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A Programmer-Friendly I/O Abstraction Over io_uring and kqueue

By and on Nov 23, 2022

Consider this tale of I/O and performance. We’ll start with blocking I/O, explore io_uring and kqueue, and take home an event loop very similar to some software you may find familiar.

This is a twist on King’s talk at Software You Can Love Milan ‘22.

Classical approach

When you want to read from a file you might open() and then call read() as many times as necessary to fill a buffer of bytes from the file. And in the opposite direction, you call write() as many times as needed until everything is written. It’s similar for a TCP client with sockets, but instead of open() you first call socket() and then connect() to your server. Fun stuff.

In the real world though you can’t always read everything you want immediately from a file descriptor. Nor can you always write everything you want immediately to a file descriptor.

You can switch a file descriptor into non-blocking mode so the call won’t block while data you requested is not available. But system calls are still expensive, incurring context switches and cache misses. In fact, networks and disks have become so fast that these costs can start to approach the cost of doing the I/O itself. For the duration of time a file descriptor is unable to read or write, you don’t want to waste time continuously retrying read or write system calls.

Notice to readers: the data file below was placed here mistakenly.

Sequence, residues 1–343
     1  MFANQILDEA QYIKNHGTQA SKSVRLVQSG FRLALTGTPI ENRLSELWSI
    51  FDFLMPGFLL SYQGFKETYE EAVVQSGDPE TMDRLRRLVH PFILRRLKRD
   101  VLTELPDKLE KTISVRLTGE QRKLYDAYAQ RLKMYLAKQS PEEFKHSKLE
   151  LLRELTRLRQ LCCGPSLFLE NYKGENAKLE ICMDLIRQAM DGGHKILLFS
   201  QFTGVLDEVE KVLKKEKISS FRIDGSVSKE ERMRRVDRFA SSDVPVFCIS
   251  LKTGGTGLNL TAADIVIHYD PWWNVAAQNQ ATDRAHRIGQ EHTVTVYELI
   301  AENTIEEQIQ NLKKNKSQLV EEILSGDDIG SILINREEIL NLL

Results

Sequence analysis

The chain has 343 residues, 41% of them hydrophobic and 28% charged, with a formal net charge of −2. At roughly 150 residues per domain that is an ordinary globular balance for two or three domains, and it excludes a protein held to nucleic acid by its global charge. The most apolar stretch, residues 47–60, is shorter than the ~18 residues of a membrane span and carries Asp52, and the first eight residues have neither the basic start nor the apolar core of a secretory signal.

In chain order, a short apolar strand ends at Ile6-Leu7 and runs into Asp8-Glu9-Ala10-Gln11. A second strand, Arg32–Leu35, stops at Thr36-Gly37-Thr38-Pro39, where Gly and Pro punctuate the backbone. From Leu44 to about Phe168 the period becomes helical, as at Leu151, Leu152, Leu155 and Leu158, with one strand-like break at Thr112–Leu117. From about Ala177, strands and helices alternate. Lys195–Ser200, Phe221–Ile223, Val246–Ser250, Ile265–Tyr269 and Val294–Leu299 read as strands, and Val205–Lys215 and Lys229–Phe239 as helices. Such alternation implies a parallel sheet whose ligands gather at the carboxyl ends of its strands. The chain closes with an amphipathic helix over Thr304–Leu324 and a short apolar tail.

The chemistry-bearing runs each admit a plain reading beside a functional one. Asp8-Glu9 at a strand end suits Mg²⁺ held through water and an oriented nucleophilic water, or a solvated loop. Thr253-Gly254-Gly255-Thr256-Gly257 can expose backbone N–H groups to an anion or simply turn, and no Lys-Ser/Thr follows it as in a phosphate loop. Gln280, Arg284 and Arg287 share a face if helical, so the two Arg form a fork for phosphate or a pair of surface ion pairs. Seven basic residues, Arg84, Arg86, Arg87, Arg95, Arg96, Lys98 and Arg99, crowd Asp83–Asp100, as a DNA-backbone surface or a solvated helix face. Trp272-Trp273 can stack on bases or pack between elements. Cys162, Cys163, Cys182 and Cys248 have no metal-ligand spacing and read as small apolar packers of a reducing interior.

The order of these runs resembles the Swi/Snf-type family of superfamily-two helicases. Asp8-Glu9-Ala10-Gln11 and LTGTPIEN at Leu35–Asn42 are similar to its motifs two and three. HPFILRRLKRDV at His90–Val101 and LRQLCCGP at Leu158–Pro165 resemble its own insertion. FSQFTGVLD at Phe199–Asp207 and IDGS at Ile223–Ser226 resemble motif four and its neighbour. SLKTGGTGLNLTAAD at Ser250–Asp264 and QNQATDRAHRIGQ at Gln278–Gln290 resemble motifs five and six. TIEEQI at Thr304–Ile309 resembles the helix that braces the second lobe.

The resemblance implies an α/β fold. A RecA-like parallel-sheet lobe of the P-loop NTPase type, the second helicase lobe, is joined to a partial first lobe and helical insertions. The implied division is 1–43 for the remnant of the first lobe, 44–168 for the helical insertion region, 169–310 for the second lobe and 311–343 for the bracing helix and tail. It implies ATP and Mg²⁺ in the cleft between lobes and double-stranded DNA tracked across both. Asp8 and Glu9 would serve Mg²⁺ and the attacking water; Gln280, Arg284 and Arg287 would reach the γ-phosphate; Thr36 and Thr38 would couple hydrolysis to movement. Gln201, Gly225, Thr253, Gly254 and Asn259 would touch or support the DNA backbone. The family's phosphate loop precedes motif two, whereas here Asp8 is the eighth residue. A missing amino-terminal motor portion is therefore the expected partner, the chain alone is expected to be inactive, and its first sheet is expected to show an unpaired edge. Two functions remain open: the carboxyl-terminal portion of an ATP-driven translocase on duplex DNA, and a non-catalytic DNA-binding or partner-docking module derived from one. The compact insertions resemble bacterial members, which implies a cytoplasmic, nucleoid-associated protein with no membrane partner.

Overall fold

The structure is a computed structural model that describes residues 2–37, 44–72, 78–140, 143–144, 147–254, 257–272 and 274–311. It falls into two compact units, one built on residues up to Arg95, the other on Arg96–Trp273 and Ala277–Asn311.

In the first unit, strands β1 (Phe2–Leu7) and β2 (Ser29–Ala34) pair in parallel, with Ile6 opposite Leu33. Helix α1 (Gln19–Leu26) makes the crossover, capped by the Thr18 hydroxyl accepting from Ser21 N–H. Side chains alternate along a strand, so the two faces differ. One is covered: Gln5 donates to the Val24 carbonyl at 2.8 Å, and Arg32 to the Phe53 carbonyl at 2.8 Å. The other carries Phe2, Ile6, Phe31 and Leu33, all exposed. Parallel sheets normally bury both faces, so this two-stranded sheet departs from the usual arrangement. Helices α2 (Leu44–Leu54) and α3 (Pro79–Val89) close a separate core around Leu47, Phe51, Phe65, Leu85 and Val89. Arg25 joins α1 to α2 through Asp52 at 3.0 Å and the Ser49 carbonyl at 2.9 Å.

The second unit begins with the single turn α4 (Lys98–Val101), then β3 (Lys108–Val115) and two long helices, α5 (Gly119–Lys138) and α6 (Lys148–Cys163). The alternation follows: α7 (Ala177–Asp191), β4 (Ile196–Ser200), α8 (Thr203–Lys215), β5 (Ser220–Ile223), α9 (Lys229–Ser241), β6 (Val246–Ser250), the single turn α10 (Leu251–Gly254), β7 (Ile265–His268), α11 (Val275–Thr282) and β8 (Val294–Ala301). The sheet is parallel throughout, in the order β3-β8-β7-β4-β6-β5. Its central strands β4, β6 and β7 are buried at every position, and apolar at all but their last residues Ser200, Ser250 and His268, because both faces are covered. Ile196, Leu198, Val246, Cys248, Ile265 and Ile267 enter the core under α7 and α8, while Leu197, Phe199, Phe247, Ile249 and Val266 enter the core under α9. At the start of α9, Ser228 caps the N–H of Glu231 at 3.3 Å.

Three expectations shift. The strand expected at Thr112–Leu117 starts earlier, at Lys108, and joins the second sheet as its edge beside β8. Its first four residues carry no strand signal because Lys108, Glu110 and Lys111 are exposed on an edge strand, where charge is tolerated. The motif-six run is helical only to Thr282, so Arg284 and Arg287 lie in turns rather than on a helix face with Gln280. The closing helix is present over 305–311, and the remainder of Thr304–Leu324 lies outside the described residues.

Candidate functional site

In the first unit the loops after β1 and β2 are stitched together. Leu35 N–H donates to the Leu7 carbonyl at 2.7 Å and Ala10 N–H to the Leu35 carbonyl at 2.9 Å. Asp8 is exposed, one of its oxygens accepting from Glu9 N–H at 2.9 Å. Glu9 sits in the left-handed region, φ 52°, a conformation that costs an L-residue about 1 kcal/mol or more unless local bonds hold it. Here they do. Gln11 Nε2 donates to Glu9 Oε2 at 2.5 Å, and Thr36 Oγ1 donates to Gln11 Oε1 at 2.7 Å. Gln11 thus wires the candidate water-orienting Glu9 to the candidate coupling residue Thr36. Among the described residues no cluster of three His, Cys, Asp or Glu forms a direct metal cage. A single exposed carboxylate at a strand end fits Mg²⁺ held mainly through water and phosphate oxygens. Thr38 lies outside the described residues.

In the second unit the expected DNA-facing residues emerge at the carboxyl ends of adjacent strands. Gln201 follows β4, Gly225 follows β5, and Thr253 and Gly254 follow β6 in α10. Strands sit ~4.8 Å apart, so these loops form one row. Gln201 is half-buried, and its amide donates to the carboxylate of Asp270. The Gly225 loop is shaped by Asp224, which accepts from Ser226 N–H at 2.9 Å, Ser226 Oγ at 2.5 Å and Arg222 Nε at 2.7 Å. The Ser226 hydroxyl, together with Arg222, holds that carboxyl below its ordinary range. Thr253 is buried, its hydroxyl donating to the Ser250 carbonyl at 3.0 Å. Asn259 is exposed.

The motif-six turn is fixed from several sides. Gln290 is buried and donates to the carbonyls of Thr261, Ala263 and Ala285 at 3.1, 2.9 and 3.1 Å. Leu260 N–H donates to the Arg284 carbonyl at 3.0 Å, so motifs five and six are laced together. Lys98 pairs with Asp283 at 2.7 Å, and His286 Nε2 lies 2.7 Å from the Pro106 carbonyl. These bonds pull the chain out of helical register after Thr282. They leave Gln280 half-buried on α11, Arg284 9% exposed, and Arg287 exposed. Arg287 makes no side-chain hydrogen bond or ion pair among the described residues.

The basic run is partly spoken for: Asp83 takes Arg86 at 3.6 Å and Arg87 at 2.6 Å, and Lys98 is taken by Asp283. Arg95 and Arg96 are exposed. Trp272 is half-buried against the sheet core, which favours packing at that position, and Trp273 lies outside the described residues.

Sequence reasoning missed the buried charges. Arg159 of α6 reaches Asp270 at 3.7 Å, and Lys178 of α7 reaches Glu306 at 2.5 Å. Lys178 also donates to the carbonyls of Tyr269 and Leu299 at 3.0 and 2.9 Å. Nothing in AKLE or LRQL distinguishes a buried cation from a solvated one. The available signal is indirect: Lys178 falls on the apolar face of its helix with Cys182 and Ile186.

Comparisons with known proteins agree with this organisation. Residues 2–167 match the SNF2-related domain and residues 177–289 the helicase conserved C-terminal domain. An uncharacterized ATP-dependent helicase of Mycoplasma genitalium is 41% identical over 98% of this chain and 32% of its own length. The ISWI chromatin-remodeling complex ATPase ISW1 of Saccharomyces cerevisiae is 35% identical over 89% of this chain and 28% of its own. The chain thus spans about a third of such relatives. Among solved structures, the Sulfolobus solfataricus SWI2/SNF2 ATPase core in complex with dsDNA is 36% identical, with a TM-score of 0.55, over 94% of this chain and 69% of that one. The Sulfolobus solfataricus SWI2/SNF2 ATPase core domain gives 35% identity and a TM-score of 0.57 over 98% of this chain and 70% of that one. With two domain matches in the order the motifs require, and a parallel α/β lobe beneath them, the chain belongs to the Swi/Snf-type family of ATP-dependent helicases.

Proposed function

Batching and readiness

So you switch to io_uring on Linux or kqueue on FreeBSD/macOS. (I’m skipping the generation of epoll/select users.) These APIs let you submit requests to the kernel to learn about readiness: when a file descriptor is ready to read or write. You can send readiness requests in batches (also referred to as queues). Completion events, one for each submitted request, are available in a separate queue.

Being able to batch I/O like this is especially important for TCP servers that want to multiplex reads and writes for multiple connected clients.

However in io_uring, you can even go one step further. Instead of having to call read() or write() in userland after a readiness event, you can request that the kernel do the read() or write() itself with a buffer you provide. Thus almost all of your I/O is done in the kernel, amortizing the overhead of system calls.

If you haven’t seen io_uring or kqueue before, you’d probably like an example! Consider this code: a simple, minimal, not-production-ready TCP echo server.

const std = @import("std");
const os = std.os;
const linux = os.linux;
const allocator = std.heap.page_allocator;

const State = enum{ accept, recv, send };
const Socket = struct {
    handle: os.socket_t,
    buffer: [1024]u8,
    state: State,
};

pub fn main() !void {
    const entries = 32;
	const flags = 0;
    var ring = try linux.IO_Uring.init(entries, flags);
    defer ring.deinit();

    var server: Socket = undefined;
    server.handle = try os.socket(os.AF.INET, os.SOCK.STREAM, os.IPPROTO.TCP);
    defer os.closeSocket(server.handle);

    const port = 12345;
    var addr = std.net.Address.initIp4(.{127, 0, 0, 1}, port);
    var addr_len: os.socklen_t = addr.getOsSockLen();

    try os.setsockopt(server.handle, os.SOL.SOCKET, os.SO.REUSEADDR, &std.mem.toBytes(@as(c_int, 1)));
    try os.bind(server.handle, &addr.any, addr_len);
	const backlog = 128;
    try os.listen(server.handle, backlog); 

    server.state = .accept;
    _ = try ring.accept(@ptrToInt(&server), server.handle, &addr.any, &addr_len, 0);

    while (true) {
        _ = try ring.submit_and_wait(1);